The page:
Vox Populi

Do you remember the story of Greg Packer? In 2003 Ann Coulter suggested that the New York Times had made him up because she found over a hundred posts where he was quoted “as a random member of the public.” Well, it turned out that he is in fact a real person, and that getting quoted by the press is his hobby. NPR’s show On the Media interviewed him this past weekend, and he still seems to be doing the same thing, despite a memo by the Associated Press management telling their reporters to avoid him.

It made me think about ethnographic Greg Packers. Like reporters, anthropologists often end up speaking to those informants who like speaking to us. I know that some of my informants have since ended up meeting other anthropologists working in the area, although I don’t know if they ended up in their dissertations or not. I have also twice had the experience of suddenly recognizing the description of another anthropologist’s informant as a mutual friend. (Taiwan is a small island with lots of anthropologists!)

I have never much cared for the use of vox populi in journalism. Not because I devalue the opinion of the “man [or woman] on the street” – far from it; but because such sound bites are merely a ritual which serves to lend an aura of authenticity to the journalists report. There is no denying that it often functions in much the same way in anthropology. This isn’t to deny the validity of the whole ethnographic enterprise, like good reporting, good ethnography brings you inside a whole community and doesn’t just rely on sound bites. I’m more interested in it as a general phenomena. Because anthropological sources are usually pseudonymous, it isn’t possible to trace our Greg Packers across ethnographies, so we’ll never know how many of them there are.

3 thoughts on “Vox Populi

  1. Interesting. One of the first things that happened during my M.A. fieldwork with the Cree in James Bay was that people recommended I talk to this so-and-so and that so-and-so. And it so happened that these so-and-sos were names that I had heard before! I had heard them, for instance, from another grad student who had been in the same community the year before. According to him, these so-and-sos actually had files where they kept record of all the interviews they had given to anthropologists, sociologists and so forth that had visited their community in the past two decades.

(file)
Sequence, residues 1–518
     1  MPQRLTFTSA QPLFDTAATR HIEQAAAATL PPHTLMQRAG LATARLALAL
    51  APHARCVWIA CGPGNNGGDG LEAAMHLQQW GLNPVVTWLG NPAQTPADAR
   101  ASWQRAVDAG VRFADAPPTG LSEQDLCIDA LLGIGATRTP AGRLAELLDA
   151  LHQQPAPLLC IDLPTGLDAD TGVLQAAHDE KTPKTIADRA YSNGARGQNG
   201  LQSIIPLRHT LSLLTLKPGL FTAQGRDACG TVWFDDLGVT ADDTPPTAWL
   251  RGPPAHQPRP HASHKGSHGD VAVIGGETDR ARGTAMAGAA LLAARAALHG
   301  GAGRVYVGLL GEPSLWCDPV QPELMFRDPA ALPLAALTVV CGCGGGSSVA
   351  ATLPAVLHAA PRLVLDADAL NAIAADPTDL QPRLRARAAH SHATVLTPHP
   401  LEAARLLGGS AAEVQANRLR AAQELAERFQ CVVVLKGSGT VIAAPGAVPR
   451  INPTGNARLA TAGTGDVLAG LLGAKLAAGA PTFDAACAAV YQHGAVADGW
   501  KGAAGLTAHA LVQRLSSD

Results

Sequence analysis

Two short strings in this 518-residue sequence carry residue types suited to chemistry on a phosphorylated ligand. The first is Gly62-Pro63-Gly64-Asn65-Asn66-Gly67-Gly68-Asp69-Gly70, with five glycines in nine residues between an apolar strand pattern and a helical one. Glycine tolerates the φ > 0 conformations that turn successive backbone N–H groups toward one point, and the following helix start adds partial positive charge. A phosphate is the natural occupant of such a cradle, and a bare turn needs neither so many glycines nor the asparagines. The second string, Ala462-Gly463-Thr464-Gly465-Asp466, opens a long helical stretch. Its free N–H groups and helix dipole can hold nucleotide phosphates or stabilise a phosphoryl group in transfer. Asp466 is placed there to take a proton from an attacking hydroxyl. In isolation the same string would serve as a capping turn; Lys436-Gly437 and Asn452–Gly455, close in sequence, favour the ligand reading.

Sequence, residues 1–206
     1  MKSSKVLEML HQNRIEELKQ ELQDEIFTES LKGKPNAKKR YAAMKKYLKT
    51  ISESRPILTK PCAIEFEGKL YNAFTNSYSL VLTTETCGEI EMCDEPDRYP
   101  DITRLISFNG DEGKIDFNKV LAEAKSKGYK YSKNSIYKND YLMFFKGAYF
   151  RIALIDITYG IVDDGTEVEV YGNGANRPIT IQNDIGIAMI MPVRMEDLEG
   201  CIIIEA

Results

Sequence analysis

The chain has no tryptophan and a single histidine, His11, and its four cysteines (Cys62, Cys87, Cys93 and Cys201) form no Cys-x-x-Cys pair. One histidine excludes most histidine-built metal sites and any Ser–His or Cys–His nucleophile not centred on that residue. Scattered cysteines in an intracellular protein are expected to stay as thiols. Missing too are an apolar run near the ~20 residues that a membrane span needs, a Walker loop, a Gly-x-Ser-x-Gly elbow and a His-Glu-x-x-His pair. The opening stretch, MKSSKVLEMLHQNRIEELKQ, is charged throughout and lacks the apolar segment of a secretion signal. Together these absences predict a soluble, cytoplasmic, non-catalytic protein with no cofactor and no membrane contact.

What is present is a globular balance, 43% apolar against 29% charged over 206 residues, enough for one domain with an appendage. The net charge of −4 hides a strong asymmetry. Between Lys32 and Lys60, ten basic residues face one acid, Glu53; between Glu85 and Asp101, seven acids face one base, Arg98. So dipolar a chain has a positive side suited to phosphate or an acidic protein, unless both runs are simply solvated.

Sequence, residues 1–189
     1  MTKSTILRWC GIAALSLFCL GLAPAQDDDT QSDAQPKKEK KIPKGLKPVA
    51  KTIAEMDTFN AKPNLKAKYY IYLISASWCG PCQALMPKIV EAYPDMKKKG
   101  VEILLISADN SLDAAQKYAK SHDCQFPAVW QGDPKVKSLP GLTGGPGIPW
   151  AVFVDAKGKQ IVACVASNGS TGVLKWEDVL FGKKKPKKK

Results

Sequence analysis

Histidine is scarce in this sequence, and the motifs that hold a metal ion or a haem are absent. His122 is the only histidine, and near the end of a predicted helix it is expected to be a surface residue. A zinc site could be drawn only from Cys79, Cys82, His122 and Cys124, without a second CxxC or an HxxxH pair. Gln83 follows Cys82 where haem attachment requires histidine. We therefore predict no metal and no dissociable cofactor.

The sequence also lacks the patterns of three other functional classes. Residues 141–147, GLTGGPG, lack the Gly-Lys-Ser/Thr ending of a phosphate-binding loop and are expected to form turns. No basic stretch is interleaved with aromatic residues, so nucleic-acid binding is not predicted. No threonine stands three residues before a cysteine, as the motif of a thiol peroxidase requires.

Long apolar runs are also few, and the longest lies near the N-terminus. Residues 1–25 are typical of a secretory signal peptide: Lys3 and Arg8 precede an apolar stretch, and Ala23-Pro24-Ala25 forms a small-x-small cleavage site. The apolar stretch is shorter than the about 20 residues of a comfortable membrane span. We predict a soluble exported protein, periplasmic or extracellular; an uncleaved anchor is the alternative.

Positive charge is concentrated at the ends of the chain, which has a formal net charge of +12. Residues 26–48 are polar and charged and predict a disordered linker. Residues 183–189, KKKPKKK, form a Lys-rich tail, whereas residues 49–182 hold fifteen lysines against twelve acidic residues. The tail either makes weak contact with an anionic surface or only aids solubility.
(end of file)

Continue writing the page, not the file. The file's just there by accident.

I reckoned that if I didn’t want the “same old stuff”, I should talk to different people. This coincided with my principle of allowing multiple voices to be heard. So what did I do? I talked to the very people that I was warned not to talk to: “the drunks”. I have a whole chapter in my M.A. thesis that describes my encounters with the drunks (self-proclaimed, by the way) and how, in the end, this allowed me to gain access to social circles to which even my hosts, fairly wealthy and reknown members of their community, had no access. My willingness to converse with drunks and other outcasts of Cree society added a richness to my fieldwork that I am convinced I would not have attained had I only spoken to the above-mentioned so-and-sos.

  2. No doubt it showed the folks that you were real, Nancy. I got to spend a couple of weeks drinking with winos at Standing Rock some years ago before I got rehabbed. I always liked the esteem they held from the community as examples for the young on what not to become and as reminders of the meager prosperity people did have. The cops were always gentle with them when they passed out on a road or got to spooking certain people.When I told the crew I had been boozing with that I was moving on, one of them asked, ” you’re going to leave all of this?” and he pointed to some kids playing nearby.We had gotten drunk and passed out in an abandoned car the night before. I always regret not learning where they spent their days during the cold winters in North Dakota but I would imagine in real cold weather they moved back in with some family members, then did a voluntary exile the next spring.

  3. A simple observation on armchair anthropologists – they may be free of schoolhouse bias by not questioning themselves over their objectivity and editing observations ex post facto

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